Also remember, once you are self-employed, a portion of your utilities, cable bill, cell phone bill, Internet service, car payment, and even your mortgage can be possibly deducted. It is a good idea to photocopy these monthly bills and then file accordingly. The original bills can go in the folder with the original receipts. Copies in with the copies, and another set put together for your wonderful accountant. Keep these receipts for ten years ideally. Laws change, so I like to err of the safe side. You might keep only hard copy for the past five and digital for the five years prior to that. As I said earlier, tax laws are always changing. You might not make a dime from writing until three years from now, but the computer you bought at the 2009 After Christmas Sale might be a deduction in 2012.
Now when your accountant goes through your receipts, he or she will no longer be desperately trying to make up from down out of a shoebox of coffee-stained slips of paper. He can just scan through the pages and circle the items you can deduct or mark a big X through items that might make Uncle Sam take an unwanted interest in you. Since the information will be chronological and organized, you will find that your accountant will be able to help you keep a lot more of your hard-earned cash.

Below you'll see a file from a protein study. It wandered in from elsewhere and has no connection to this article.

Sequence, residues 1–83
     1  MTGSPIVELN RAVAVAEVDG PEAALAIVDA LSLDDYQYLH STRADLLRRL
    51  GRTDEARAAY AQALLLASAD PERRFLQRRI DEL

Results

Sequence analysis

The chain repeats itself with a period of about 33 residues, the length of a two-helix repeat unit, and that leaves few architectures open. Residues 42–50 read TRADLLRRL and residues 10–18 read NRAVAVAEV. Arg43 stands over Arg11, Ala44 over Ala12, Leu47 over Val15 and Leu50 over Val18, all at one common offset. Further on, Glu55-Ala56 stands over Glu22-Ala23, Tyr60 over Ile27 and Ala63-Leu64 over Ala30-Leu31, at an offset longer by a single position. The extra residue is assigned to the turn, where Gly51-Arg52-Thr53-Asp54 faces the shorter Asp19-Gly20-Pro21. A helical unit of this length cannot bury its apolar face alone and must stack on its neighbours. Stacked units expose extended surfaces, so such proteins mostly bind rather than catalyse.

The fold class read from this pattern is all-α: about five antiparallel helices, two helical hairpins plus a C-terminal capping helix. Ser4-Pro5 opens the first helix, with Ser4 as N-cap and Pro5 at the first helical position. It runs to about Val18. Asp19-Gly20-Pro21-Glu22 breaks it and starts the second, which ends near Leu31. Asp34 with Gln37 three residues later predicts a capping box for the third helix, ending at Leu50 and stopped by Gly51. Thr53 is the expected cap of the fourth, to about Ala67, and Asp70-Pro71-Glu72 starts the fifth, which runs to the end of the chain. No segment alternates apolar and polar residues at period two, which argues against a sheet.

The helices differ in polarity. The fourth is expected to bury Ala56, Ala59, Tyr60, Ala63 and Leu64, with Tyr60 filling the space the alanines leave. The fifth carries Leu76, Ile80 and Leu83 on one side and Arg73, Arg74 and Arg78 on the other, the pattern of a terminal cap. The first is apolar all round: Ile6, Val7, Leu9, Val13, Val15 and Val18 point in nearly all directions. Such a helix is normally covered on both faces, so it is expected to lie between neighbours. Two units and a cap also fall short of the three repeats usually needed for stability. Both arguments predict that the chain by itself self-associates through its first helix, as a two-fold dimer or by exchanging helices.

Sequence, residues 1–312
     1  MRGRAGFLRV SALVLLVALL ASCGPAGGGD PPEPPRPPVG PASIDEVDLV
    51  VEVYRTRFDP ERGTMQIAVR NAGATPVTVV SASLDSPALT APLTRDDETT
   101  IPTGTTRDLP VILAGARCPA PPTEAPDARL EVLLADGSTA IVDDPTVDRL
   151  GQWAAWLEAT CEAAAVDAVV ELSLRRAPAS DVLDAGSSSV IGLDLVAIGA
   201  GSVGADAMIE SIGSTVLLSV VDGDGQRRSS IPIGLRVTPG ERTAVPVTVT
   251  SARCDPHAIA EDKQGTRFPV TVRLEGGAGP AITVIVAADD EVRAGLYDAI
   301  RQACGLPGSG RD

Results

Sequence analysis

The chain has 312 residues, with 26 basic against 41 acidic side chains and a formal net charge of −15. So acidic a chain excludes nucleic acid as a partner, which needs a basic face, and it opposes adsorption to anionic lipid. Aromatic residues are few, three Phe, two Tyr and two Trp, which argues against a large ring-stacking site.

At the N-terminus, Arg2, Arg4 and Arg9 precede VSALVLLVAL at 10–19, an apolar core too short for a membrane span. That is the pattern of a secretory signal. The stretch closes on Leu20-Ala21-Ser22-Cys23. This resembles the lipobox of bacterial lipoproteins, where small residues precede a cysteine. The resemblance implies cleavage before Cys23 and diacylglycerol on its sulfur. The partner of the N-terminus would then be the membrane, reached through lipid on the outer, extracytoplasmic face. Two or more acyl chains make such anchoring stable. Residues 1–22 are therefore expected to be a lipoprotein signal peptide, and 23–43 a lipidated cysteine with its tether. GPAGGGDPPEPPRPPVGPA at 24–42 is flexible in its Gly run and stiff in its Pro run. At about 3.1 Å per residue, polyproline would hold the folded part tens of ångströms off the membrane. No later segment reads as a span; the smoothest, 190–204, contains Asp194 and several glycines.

I recommend saving everything. Never hurts. That Jones of New York suit you bought to teach at a writing conference might not be a write-off, but then again? Maybe it is.
Collecting receipts in this manner offers a number of benefits. Since you will lose far fewer receipts, you will be able to possibly take many more deductions. But the biggest benefit? You can sort when you feel like it. If you toss all receipts into a monthly file, they are contained. No longer wandering in the bottom of purses or junk drawers. If you are super-disciplined, feel free to organize and file once a week or at the end of the month. But, if life explodes, or you naturally tend to procrastinate? No worries. You can just sit and organize three months at one sitting. Since the receipts are corralled by month, feel free to organize when it suits your life and schedule.
For more on the business side of the entertainment business, I recommend NY Times Best-Selling Author Bob Mayer’s Warrior Writer Workshops (firstname.lastname@example.org) which are designed to teach writers how to be commercial savvy.